From our cars to our smartwatches to door monitoring systems in our homes, sensors are now part of our everyday lives. Increasingly, sensors have become part of our workplace experience too.

Think of them like a friendly ticket taker, keeping tabs on people flows and reporting metrics about buildings and systems, meeting room occupancy, temperatures, air quality, and more. Many advanced organizations are integrating data from sensors within their building automation systems and heating, ventilation, and air conditioning (HVAC) and lighting systems to save on energy costs and help hit corporate sustainability targets.

In the era of hybrid work, where new work patterns are emerging, sensors have an important role in separating workspace and building data facts from fiction.  According to JLL’s “Future of Work” survey, occupancy sensors are among the key technology organizations plan to adopt by 2025 — along with remote working solutions, automation systems, and environmental controls.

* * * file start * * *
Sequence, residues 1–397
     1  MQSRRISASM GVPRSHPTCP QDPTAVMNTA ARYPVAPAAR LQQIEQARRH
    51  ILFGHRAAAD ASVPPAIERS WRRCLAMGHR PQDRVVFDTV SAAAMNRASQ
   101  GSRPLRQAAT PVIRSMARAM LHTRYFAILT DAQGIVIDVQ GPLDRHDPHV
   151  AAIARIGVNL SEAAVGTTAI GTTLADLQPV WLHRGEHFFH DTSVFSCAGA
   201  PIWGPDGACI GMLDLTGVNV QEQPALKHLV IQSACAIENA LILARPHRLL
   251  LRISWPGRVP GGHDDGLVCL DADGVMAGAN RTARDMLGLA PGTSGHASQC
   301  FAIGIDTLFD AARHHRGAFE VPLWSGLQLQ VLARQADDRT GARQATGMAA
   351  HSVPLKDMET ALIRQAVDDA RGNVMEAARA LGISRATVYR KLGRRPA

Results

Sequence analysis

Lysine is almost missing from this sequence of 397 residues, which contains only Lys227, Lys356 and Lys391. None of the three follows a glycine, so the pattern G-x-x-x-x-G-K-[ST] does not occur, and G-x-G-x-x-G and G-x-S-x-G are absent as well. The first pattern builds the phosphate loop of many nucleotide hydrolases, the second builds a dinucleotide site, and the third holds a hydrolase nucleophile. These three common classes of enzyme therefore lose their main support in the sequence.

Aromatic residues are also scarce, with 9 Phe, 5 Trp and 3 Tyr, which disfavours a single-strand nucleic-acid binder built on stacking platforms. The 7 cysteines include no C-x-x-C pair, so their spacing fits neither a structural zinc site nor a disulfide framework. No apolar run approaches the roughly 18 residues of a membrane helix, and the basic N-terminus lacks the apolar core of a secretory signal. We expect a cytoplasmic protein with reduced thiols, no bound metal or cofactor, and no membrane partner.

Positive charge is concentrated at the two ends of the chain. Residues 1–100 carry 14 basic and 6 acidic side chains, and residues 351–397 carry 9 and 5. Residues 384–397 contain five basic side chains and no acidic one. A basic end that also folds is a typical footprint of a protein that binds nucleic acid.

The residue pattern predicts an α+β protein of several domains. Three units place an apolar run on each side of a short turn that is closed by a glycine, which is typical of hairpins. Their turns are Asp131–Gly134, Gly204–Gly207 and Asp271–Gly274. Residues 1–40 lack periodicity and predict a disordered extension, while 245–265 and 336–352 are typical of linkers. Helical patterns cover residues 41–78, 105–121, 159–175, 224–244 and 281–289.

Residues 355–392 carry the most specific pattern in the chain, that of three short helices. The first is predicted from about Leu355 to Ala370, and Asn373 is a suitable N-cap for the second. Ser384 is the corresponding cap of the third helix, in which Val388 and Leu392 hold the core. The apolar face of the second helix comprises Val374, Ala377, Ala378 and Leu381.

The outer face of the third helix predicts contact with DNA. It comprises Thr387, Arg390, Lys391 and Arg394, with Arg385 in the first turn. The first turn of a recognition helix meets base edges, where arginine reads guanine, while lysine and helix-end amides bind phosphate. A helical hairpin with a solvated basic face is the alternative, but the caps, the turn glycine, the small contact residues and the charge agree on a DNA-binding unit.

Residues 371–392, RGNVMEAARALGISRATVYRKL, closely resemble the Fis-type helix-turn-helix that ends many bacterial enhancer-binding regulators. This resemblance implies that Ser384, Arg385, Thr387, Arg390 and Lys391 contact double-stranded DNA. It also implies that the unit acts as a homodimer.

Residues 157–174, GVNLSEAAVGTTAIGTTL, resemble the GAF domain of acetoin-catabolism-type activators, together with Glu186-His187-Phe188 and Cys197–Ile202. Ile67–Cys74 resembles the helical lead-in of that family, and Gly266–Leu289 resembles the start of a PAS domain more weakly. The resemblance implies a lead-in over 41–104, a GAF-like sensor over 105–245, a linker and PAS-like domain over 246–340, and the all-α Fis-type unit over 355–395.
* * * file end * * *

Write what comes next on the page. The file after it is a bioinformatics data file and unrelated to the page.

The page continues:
“Since it’s not a given that the office will be full every day, knowing the number of seats or working spaces is no longer sufficient to inform strategies,” reflects JLL in a post about early adopters. “It’s clear the future of work is more relationship oriented than ever before. Decision-makers need to know who is in the office, when, and how they are using it. So do their co-workers and collaborators.”

The challenge has always been twofold. First, how do you integrate sensors with a variety of siloed systems? And secondly, is your organization being precise enough with what it needs to know from sensors? Sensors are not the solution to every building and workplace challenge.

To help answer these challenges and better understand the evolution of sensors and sensor data today, we spoke with Eric Maxfield, Director of Product Management, who has been working in the integrated workplace management systems (IWMS) software industry for 17 years.

Eric, tell us about your background and what you do at Eptura?

I’ve been in various roles throughout the family that’s become Eptura. I have an undergraduate degree in electrical engineering with a specialty in biomedical engineering, so I did a lot of work with signals and systems.